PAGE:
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Sunday, August 30, 2009

more Hapatoni, Tahuata

We can't seem to tear ourselves away from this charming village, especially since the arrival on Thursday of friends, Ed and Nila on the catamaran Quixotic. It's nice to be around other English speakers again, even if they are determined to try and teach us how to play bridge! Friday night Nila cooked a five star dinner of wahoo cordon bleu, mushroom rice pilaf, and a cucumber cabbage salad. Even after that huge meal we managed to polish off a pan of brownies that I brought for dessert. John and Nila got all the good cards for bridge so Ed and I didn't have too much to do. Which was a good thing because I discovered that I really don't have a talent for keeping track of the bids let alone which cards have been played!

Thursday morning we took another hike, this time up the switchback road out the south end of the village. This is an early morning hike because the sun hits that end of the village first and it's straight up all the way to the top of the ridge (which itself reminded us of Na Pali on Kauai). The view from the ridge is of a few buildings on a grassy slope in an unprotected bay, with Fatu Hiva off in the distance. We could see Quixotic sailing way off in the distance about half way between the two islands. We felt the heat already beginning to radiate from the grasses and rocks on the return trip, and we were happy to be headed back downhill. This road is lined with banana and papaya plants just like the road to Vaitahu, but is less forested and not as shady.

Before our hike we had dropped off a few things at the house of Rose and Frederick. Only their daughter was home but we gave her a plastic cat litter bucket (these are actually usually well-received because they come with lids), a can of mosquito spray we don't use, and an extra wrist splint (from when I had tendonitis) for their small health clinic. On our way back down the hill into the village we saw someone up in the pamplemousse tree by their house. We returned to the dinghy to get Ziggy's grass pan hoping to find a patch of grass to take back for him, and were approached by a teenage boy carrying a big shopping bag of pamplemousse. He turned out to be Giovanni, Rose's son, and we assume the fruit was an exchange for our "gifts." We asked him about the grass and he led us to a nice green patch in the part of the landscaping along the quay. I'm not sure an adult would have selected that spot but it's behind a bush and hopefully the grass will grow back quickly to cover the 1' square dirt scar! Ziggy was very happy to have some fresh grass to munch on, but we had a surprise as creatures began to crawl out of the red dirt that evening. Our first clue that something was stirring was the sight of Ziggy sitting very still outside the box staring intently into the grass. We had to evacuate a couple of black beetles and several worms, and we're keeping our fingers crossed that we didn't bring any fleas aboard with the dirt!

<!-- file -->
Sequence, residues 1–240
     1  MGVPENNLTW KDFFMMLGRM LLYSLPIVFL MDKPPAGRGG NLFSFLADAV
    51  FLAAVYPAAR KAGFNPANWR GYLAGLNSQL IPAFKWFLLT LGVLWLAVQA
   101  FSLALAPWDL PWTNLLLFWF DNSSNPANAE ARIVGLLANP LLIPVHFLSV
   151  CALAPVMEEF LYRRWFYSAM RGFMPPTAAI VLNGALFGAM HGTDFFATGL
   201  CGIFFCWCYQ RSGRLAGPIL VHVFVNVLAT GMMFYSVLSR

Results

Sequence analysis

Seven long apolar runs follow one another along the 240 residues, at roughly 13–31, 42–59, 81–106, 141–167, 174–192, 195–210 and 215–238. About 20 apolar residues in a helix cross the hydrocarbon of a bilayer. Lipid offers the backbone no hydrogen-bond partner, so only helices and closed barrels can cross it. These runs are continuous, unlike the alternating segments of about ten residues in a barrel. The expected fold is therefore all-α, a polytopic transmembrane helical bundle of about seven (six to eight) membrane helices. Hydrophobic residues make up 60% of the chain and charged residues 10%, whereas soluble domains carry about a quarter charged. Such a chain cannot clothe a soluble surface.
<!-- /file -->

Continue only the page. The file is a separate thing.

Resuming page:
I was feeling a bit guilty because we cut down a stalk of bananas from alongside the road during our north ridge hike without asking permission first. So Friday morning I made two dozen cupcakes and we all went in to the village for Ed and Nila's first look around. Quite by chance a small tour boat from Atuona had arrived with half a dozen tourists and some of the locals had their handicrafts out on display, giving us another opportunity to see their work. John and I headed down to the small school at the north end of the village where we met the children as their morning class ended (they only appear to have school for half the day). There were 10 little ones (about kindergarten age) and two teachers, but no older children. So I took the rest of the cupcakes around to whoever happened to be out (mostly carvers), and Frederick, who was in his wood shop. He suggested I take the rest of the cupcakes to Rose and the kids at their house so I went all the way back towards the quay where they live. And there in the carport I saw a dead pig being cleaned by two men. Early that morning I had asked John if he heard dogs barking in the hills above the anchorage, which was unusual since we only ever hear roosters and an occasional car go by. Not a minute after that we heard the sound of gun shots, and some more barking. So we figured there had been a pig hunt, and here was the result. Rose's mother was overseeing the work from a folding chair and she took a cupcake too.

We had another good snorkel on Thursday and saw two small lion fish in addition to the big one hanging out along the same rock ledge where we first saw him. The sky was nice and clear for a change so everything was in sunlight, though the water clarity was a bit murkier than before. Friday was very windy and a small group of spinner dolphins came into the bay and hung out in the anchorage. They spent another day with us yesterday and, since we stayed on the boat all day, we had lots of opportunities to catch sight of them leaping out of the water and spinning in the air. What a treat!

Linda and John